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Grangetown residents in a ‘David and Goliath’ battle against development firm

Residents have two weeks to object to a major new development on their doorstep. How do they feel it is threatening their community and what are they doing to protest it?

A group of Grangetown residents are protesting a major new development in their community, and will spend the next two weeks collecting complaints to take to Cardiff Council.

The group, based in Pentre Gardens, has until 13 December to send formal objections about a block of new flats (named ‘Bottle Works Wharf’) to the planning department, who will then pass concerns onto developers.

The group has already seen success with a petition they organised, gathering enough signatures to speak in Council about their worries.

Additionally, talks with the developers Rightacres have resulted in a reduction of the development’s height and size, from seven storeys down to five. But they feel this is not enough.

“This is an important site. It’s right opposite the city centre,” says Simon Newman, a Pentre Gardens resident.

“If you look at this building [the new development], there is not one door. There are no public spaces, no bars, no cafes, nothing. How does this building interact with this river walk, which is an important part of the walk-ability of the city?”

Rightacres’ most recent plans for their proposed Bottleworks Wharf development. (Image: Rightacres)

Judy Davies, another Pentre Gardens resident, says, “There is a clear divide across the River Taff, between us and the city centre. What they [Rightacres] are trying to do is bring us closer. But we’re saying ‘no’, we’re a residential area.”

“There’s a lot of concern about this being  a ‘stepping stone’ to building further high-rises across Grangetown. It’s going to be high-end, it’s going to be expensive. It’s nothing for the community.”

Simon Newman adds, “It’s not about us. It’s about the city centre.”

Map detailing proposed Bottleworks Wharf in green, and affected Pentre Gardens houses in red. (© Mapbox© OpenStreetMap© DigitalGlobe)

Concerns about the development’s impact on the community, the supposed “dead space” it brings, and the lack of affordable housing for Grangetown locals are issues that all echo debates surrounding developments in other areas of Cardiff.

Rightacres’ Chief Executive, Paul McCarthy, commented on his discussions with the group: “I personally sat at the kitchen table of a house in Pentre Gardens on a number of occasions with some of the residents closest to the proposed Bottleworks development to try and get to a compromise scheme and alleviate their concerns. It became clear however that they were opposed to almost any suggestion.”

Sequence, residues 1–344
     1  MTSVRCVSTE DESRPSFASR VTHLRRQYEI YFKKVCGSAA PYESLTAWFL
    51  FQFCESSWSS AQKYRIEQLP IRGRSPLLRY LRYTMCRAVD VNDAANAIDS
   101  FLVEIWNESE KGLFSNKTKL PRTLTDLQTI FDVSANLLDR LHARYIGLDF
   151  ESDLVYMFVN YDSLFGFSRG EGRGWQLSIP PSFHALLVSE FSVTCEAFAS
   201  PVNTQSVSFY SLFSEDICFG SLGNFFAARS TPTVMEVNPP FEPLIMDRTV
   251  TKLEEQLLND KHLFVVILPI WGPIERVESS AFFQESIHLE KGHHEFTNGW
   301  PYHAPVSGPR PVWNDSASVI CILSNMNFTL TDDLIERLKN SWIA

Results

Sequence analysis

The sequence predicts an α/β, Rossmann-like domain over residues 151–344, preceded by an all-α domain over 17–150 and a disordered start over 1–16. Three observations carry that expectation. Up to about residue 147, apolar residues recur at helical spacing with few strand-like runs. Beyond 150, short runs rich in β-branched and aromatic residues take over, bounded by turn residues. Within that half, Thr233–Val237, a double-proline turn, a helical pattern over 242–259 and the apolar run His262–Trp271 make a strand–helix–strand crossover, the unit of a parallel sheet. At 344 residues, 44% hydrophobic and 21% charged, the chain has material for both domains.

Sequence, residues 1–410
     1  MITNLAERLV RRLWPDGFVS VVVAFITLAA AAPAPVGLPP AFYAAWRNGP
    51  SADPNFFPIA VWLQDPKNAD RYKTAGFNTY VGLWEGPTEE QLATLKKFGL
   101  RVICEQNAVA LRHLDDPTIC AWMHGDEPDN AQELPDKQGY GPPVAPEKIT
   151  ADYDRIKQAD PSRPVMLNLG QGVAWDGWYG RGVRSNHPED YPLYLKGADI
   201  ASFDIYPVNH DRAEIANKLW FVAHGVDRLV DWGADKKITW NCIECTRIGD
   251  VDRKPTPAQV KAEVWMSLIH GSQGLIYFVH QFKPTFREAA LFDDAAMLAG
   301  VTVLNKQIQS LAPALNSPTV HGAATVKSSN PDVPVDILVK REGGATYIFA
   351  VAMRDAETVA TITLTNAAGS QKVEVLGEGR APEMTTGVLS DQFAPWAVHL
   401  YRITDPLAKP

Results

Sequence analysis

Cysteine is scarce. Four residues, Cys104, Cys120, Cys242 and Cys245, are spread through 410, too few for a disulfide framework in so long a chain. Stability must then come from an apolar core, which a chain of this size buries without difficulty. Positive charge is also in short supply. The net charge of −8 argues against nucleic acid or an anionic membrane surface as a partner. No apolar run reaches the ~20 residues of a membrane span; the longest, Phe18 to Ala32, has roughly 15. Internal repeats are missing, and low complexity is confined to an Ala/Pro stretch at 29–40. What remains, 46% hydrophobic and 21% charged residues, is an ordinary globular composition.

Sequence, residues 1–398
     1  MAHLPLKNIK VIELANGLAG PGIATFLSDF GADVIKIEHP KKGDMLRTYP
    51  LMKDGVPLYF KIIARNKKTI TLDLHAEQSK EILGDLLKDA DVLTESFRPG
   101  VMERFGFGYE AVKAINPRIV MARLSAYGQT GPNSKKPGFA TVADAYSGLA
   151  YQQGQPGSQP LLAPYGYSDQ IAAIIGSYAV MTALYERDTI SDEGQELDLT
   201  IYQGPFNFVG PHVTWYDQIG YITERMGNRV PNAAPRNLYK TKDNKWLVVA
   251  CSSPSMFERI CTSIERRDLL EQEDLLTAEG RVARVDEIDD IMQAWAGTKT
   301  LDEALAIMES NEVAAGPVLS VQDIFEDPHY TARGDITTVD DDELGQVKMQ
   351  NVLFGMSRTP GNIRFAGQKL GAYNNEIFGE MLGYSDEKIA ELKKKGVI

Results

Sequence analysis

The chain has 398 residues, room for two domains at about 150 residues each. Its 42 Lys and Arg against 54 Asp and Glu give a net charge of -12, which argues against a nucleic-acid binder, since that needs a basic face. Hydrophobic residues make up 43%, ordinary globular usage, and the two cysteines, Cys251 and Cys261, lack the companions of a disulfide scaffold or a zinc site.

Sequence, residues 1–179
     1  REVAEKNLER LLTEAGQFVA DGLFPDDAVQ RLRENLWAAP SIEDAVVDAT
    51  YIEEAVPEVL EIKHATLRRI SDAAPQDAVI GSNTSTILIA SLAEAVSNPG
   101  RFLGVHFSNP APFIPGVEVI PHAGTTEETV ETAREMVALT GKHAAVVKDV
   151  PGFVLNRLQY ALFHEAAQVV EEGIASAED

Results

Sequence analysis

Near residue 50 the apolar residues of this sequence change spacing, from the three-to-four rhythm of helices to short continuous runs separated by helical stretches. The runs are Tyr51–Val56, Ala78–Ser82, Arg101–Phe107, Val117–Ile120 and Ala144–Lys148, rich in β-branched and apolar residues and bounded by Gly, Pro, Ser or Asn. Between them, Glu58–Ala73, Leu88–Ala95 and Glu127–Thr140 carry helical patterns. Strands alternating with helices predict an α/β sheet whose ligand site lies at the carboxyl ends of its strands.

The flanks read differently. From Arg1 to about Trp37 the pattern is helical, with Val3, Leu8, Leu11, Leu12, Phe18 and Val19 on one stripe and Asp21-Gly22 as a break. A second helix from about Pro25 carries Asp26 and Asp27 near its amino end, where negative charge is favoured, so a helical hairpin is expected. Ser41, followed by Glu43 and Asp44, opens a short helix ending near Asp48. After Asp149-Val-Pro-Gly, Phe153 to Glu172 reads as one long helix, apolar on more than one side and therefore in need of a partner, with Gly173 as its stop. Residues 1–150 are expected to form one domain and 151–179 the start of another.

However, residents are upset that a representative of Rightacres is yet to attend a public discussion, and claim that all contact between the two parties has been initiated by the residents themselves.

This deterioration in relations has caused local councillors to step in as intermediaries in discussions.

Pentre Gardens, Grangetown: the community coming together in the face of adversity. (Image: Geograph)

Beyond the example it may set for further developments in Grangetown, residents are also concerned about access to daylight and traffic issues.

“We’ll lose the path of the sun, from sunrise to about 10am. If we lose that then we’ve essentially lost all our sunlight,” says Simon Newman.

For residents located slightly further away from the proposed Bottleworks Wharf development, Judy Davies says, “Traffic problems will affect the wider community. So if you ask down the road, they’ll be worried about parking or traffic.”

Speaking of traffic concerns in particular, Labour councillor Ashley Lister, has said, “We are looking more at public transport options rather than saying there needs to be enough parking spaces.”

The site of the proposed development, a former recycling centre. (Image: Geograph)

But residents remain unconvinced. “We’re not against the development, it’s just the size and scale of it. We know the site is going to be developed somehow and that’s fine. But it’s humongous,” says Judy Davies.

Simon Newman adds, “Looking at it more, even if the size came down, it’s still got that dead space. I’m getting more and more opposed to the development as a whole.”

The Pentre Gardens residents are still busy compiling formal complaints, and will submit them to Cardiff Council on 13 December.

You can keep up to date with their progress on Twitter